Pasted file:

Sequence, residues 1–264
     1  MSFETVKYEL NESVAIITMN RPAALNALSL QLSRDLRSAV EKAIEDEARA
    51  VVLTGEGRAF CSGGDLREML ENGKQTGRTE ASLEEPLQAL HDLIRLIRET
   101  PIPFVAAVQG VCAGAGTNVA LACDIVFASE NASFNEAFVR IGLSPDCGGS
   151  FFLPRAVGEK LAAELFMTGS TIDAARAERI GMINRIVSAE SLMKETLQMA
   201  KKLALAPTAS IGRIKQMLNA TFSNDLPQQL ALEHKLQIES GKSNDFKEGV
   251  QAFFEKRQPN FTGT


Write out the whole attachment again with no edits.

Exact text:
Sequence, residues 1–264
     1  MSFETVKYEL NESVAIITMN RPAALNALSL QLSRDLRSAV EKAIEDEARA
    51  VVLTGEGRAF CSGGDLREML ENGKQTGRTE ASLEEPLQAL HDLIRLIRET
   101  PIPFVAAVQG VCAGAGTNVA LACDIVFASE NASFNEAFVR IGLSPDCGGS
   151  FFLPRAVGEK LAAELFMTGS TIDAARAERI GMINRIVSAE SLMKETLQMA
   201  KKLALAPTAS IGRIKQMLNA TFSNDLPQQL ALEHKLQIES GKSNDFKEGV
   251  QAFFEKRQPN FTGT